In order to survive, all retailers must create similarly radical levels of value.
It starts with creating radical value for customers. Retailers can and must create radical value in one or more of four areas: culture, entertainment, expertise or product.
Radical Cultural Value
Outdoor retailer Patagonia creates radical cultural value through its single-minded focus on environmental stewardship, placing this imperative at the core of everything the business does, right up to baking it into its financial model, making Patagonia as much a social movement as a mere retailer: a lightning rod for likeminded customers and staff. All organisational objectives, communications and initiatives ladder back up to environmental protection, making Patagonia a tribal outpost for customers who share its values.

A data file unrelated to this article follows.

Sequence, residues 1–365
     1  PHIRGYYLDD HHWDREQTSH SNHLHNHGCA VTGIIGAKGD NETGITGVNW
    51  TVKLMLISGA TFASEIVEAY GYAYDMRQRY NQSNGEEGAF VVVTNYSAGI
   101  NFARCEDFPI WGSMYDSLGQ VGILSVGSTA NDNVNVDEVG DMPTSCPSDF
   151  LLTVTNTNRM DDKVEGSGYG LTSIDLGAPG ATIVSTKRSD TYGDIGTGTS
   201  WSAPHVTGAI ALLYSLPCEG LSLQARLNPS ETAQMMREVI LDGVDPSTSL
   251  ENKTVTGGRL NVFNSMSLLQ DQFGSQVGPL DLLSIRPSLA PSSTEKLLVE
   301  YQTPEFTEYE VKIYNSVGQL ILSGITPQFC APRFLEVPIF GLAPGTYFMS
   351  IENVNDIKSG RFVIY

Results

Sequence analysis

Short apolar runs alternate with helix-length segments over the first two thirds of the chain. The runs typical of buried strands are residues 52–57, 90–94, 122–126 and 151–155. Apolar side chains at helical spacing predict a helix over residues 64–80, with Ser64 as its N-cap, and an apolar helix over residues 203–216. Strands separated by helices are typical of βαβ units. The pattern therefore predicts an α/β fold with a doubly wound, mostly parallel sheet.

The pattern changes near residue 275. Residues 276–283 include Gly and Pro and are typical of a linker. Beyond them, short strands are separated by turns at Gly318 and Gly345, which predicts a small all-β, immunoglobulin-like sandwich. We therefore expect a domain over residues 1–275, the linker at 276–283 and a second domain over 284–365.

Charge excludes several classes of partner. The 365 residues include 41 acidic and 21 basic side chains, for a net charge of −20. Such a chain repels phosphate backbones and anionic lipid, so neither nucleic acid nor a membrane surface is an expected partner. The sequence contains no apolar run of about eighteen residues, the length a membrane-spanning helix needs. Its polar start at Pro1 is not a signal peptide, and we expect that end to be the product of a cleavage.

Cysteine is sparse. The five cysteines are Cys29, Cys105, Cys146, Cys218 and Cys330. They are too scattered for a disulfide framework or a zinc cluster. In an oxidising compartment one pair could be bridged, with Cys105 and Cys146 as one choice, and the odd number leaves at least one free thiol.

Radical Entertainment Value
Retailers can also create customer value with entertainment. UK department store Selfridges creates radical entertainment value through an intense focus on experience. From streetwear departments with skate bowls to creative pop-ups and unique food and beverage installations, the experience at Selfridges has, to a great extent, become the product itself. The years leading up to the pandemic saw the retailer make huge investments in what managing director Andrew Keith recently called “all the magic that goes on in the store.”
Radical Expertise Value